About the Author:
Dr. Abdul Karim Germanus is a well known Orientalist of Hungary
and is a scholar of world repute. He visited India between the wars and for
sometime was also associated with Tagore's University Shanti Naketen. Later on
he came to Jamia Millie Delhi. It was here that he embraced Islam. Dr. Germanus
is a linguist and an authority on Turkish language and literature and it was
through oriental studies that he came to Islam. At present Dr. Abdul Karim
Germanus is working as Professor and Head of the Department of Oriental and
Islamic Studies at the Budapest University, Hungary.
It was on a rainy afternoon in my adolescence
that I was perusing an old illustrated review. Current events mingled with
fiction, and descriptions of far-off countries, varied in its pages. I turned
the leaves indifferently for a while when suddenly a wood-cut arrested my eyes.
The picture represented flat-roofed houses from among which here and there round
cupolas rose gently into the dark sky enlivened by the crescent. The shadow of
men squatting on the roof clad in fantastic robes stretched out in mysterious
lines. The picture caught my imagination. It was so different from the usual
European landscapes: it was an Oriental scene, somewhere in the Arabian East,
where a story-teller told his gaudy tales to a burnoused audience. It was so
realistic that I fancied I could hear his melodious voice as he entertained us,
his Arab listeners on the roof and me, a sixteen-year-old student sitting in a
soft arm-chair in Hungary. I felt an irresistible yearning to know that light
which fought with the darkness in the picture. I began to learn Turkish. It soon
dawned upon me that the literary Turkish language contains only a small amount
of Turkish words. The poetry is enriched by Persian, the prose by Arabic
elements. I sought to master all the three, in order to enter that spiritual
world which spread such a brilliant light on humanity.
During a summer vacation I was lucky to travel to Bosnia, the
nearest Oriental country adjacent to ours. As soon as I settled in a hotel I
dashed forth to see living Muslims, whose Turkish language had only beckoned to
me through its intricate Arabic script from the pages of grammar books. It was
night, and in the dimly-lit streets I soon discovered a humble cafe in which on
low straw stools a couple of Bosnians enjoyed their kayf. They wore the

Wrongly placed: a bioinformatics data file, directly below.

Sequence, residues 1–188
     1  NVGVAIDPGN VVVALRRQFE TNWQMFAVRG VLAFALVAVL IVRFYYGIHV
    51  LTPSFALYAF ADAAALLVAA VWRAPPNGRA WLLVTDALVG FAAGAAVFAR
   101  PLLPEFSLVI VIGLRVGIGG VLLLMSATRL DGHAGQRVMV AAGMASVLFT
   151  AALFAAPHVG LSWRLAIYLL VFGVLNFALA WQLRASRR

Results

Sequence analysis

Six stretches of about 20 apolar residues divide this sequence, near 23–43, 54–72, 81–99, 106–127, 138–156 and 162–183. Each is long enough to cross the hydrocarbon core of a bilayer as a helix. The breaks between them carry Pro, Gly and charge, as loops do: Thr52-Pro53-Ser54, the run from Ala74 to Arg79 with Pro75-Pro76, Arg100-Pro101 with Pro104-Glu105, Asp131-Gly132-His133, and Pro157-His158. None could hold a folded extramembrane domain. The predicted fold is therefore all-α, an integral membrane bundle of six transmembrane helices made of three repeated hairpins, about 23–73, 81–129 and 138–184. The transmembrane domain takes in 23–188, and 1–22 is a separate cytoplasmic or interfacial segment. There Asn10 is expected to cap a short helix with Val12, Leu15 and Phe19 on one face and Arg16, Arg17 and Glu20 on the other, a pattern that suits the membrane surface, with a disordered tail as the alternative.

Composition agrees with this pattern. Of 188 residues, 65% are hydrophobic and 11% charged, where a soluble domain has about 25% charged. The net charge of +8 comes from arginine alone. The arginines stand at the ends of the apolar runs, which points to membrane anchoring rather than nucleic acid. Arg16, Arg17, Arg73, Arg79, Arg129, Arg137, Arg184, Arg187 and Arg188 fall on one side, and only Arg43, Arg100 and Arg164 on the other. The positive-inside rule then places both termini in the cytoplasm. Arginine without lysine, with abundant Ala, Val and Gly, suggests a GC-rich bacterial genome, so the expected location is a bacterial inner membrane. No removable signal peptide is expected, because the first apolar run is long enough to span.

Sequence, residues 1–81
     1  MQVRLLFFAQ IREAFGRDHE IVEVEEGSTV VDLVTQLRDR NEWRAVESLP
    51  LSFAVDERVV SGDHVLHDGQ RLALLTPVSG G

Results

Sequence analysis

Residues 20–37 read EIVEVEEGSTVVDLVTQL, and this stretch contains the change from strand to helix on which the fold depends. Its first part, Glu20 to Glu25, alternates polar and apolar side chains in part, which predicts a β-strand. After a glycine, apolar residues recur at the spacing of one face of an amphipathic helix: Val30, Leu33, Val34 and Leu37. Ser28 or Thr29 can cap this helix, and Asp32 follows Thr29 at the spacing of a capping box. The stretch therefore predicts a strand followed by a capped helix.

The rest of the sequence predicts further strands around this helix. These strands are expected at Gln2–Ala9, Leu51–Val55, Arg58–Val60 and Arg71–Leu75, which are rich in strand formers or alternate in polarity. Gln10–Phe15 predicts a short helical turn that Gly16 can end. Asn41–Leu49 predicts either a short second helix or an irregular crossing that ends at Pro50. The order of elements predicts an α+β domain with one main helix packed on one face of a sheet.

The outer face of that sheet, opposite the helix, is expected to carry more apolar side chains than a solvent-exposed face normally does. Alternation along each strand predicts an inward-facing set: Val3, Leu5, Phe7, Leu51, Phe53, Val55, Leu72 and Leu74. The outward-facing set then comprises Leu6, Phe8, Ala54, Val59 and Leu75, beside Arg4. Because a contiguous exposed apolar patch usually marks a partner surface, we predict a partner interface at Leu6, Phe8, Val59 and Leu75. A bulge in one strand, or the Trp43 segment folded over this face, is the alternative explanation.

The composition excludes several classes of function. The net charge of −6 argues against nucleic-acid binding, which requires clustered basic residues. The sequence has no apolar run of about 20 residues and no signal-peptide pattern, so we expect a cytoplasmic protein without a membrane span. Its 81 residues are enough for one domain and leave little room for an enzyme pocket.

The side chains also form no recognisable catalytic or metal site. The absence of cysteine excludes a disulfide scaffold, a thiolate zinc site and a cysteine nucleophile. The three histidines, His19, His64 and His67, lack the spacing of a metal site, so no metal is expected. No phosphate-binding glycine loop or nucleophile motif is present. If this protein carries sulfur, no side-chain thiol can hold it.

traditional bulging trousers kept straight at the waist by a broad belt
bristling with daggers. Their headgear and the unfamiliar costume lent them an
air of truculence. It was with a throbbing heart that I entered the kahwekhame
and timidly sat down in a distant corner. The, Bosnians looked with curious eyes
upon me and I suddenly remembered all the bloodcurdling stories read in
fanatical books about Muslim intolerance. I noticed that they were whispering
among themselves and their topic was my unexpected presence. My childish
imagination flared up in horror; they surely intended to draw their daggers on
the intruding `infidel'. I wished I could safely get out of this threatening
environment, but I dared not budge.
In a few seconds the waiter brought me a cup of fragrant coffee
and pointed to the frightening group of men. I turned a fearful face towards
them when one made a gentle salaam towards me accompanied with a friendly smile.
I hesitatingly forced a smile on my trembling lips. The imagined `foes' slowly
rose and approached my little table. What now? ---- my throbbing heart inquired
--- will they oust me? A second salaam followed and they sat around me. One of
them offered me a cigarette and at its flickering light I noticed that their
martial attire hid a hospitable soul. I gathered strength and addressed them in
my primitive Turkish. Is acted like a magic wand. Their faces lit up in
friendliness akin to affection --- instead of hostility they invited me to their
homes; instead of the falsely anticipated daggers they showered benevolence upon
me. This was my first personal meeting with Muslims.
Years had come and passed in a rich variety of events, travels
and study. Each opened new vistas before my curious eyes. I crossed all the
countries of Europe, studied at the University of Constantinople, admired the
historic beauties of Asia Minor and Syria. I had learnt Turkish, Persian and